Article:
Once More Around the Block

Editor of THE AMERICAN SCHOLAR and teacher of English at Northwestern University, Joseph Epstein is admittedly a member of a group he dubs the “verbal class.” Content with his station in life and at home with his opinions, the erudite Epstein is a clever essayist whose mildly irreverent tone often elicits a chuckle. Personal anecdotes, clever wordplay, and an impressive arsenal of quotations (Henry James is particularly well-represented) color this writer’s often amusing commentary.

Epstein’s discursive and drolly self-indulgent style is most appropriate to his pieces on humor, choosing a lifetime reading syllabus, and being an armchair sports fanatic. His approach is distressingly glib, however, when he addresses complex issues such as the social class structure in America. Here his limited range of discussion is ill-suited to the serious nature of his subject: Although he touches on the possible decline of anti-Semitism, he never raises the question of continued discrimination against blacks, homosexuals, and other groups.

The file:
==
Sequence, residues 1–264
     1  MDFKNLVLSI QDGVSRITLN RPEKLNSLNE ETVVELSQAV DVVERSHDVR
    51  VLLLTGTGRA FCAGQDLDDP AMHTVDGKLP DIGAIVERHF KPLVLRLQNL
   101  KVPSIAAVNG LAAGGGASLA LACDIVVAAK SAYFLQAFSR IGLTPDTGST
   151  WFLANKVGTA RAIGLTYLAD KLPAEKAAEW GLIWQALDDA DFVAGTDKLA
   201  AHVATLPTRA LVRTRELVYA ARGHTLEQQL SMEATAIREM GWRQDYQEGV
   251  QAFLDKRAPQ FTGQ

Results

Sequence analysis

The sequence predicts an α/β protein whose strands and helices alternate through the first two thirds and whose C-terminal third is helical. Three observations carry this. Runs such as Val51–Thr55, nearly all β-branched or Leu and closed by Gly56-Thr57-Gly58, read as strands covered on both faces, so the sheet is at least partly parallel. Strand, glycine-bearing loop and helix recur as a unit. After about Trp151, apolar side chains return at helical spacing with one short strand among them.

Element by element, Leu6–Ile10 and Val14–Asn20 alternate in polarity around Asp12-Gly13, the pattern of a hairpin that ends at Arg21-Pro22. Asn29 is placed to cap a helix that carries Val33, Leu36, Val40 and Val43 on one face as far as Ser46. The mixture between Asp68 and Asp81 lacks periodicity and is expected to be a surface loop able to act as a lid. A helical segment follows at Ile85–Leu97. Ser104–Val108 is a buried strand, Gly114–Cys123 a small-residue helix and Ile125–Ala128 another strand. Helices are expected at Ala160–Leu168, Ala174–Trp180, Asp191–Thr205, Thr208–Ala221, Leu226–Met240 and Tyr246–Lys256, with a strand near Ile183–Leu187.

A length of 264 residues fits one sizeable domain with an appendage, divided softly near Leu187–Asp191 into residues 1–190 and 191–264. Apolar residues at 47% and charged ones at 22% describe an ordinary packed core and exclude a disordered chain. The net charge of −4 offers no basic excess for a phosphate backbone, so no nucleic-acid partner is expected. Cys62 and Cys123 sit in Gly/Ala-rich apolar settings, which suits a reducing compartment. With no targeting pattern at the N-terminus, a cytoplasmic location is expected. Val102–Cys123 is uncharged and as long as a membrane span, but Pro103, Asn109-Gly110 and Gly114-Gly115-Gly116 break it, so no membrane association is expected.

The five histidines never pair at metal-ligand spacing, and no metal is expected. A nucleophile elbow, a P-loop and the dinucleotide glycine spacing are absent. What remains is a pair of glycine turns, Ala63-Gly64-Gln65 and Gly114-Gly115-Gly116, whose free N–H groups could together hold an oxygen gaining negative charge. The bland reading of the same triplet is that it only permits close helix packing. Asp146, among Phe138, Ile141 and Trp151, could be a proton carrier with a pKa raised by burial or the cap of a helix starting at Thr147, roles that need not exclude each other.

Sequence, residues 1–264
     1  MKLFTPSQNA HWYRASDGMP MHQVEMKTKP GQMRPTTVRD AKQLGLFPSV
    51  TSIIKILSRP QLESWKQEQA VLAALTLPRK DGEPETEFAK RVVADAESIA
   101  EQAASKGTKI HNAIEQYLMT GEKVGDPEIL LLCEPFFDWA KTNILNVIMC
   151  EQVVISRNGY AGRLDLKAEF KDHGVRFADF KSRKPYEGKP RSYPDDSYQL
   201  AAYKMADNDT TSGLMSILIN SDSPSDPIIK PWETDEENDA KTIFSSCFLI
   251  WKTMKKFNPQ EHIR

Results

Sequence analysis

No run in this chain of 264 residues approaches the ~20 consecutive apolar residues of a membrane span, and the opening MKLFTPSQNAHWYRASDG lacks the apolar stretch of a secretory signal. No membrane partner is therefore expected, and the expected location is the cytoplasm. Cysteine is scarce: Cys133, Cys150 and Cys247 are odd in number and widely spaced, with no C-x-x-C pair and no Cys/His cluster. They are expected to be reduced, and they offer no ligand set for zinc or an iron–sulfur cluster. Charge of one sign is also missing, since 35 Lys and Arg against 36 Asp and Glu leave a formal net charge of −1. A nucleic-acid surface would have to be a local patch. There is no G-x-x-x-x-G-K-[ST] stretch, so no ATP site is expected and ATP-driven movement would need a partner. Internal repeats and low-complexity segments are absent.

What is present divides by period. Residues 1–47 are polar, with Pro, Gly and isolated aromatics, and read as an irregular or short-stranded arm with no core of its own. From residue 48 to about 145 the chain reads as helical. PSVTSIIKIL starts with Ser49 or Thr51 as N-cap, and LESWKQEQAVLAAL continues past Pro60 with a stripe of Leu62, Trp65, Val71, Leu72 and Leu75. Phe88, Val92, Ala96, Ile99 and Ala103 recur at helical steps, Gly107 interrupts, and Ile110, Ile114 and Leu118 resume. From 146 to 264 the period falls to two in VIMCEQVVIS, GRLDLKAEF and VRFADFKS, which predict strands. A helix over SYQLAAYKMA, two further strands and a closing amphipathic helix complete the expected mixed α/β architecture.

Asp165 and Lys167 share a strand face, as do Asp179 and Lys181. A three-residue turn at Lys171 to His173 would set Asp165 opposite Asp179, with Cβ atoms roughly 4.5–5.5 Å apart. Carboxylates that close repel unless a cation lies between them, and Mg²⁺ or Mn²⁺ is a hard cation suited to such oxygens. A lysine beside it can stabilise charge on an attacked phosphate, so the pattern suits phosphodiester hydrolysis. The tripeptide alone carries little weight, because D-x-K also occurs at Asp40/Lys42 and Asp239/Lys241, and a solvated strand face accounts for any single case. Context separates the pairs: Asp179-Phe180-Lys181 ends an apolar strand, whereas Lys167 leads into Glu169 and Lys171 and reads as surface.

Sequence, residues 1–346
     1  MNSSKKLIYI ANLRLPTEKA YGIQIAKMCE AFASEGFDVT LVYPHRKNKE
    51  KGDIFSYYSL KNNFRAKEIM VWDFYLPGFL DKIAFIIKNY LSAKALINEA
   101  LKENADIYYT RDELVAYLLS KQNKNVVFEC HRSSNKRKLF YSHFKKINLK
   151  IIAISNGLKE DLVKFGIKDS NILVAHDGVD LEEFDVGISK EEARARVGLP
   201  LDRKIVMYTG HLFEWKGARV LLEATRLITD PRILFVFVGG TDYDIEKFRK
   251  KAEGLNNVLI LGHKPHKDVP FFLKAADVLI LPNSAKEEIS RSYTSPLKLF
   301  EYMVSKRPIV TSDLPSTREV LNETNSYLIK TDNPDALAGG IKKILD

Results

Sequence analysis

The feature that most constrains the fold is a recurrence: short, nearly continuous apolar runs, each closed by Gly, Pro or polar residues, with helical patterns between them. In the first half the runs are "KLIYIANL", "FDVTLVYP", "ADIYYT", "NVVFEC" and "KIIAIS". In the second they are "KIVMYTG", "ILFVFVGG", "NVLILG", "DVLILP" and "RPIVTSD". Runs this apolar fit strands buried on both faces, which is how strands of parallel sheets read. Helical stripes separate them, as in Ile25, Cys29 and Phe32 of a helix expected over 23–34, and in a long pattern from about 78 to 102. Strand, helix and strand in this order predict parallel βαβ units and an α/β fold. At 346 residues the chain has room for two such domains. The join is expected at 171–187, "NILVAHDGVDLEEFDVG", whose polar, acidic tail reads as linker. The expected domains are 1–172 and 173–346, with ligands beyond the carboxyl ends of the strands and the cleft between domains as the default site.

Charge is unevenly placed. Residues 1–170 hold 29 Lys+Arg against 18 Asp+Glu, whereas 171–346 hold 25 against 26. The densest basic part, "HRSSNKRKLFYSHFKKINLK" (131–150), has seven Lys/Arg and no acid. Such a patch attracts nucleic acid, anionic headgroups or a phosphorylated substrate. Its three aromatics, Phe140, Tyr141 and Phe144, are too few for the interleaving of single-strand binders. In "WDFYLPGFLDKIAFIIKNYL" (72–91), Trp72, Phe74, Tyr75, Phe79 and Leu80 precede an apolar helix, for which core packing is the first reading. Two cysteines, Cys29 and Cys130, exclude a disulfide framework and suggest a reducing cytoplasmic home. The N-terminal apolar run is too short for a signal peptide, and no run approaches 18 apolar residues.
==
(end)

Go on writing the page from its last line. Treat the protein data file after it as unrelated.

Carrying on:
All but one of these essays appeared under the byline Aristides in THE AMERICAN SCHOLAR. The exception, “My Friend Martin,” first appeared in COMMENTARY; it stands out as a pointed tribute to a deceased friend. Other subjects covered by Epstein include his neighborhood, praise, the state of the language, friendship, eating, lecturing, hatred, and aging.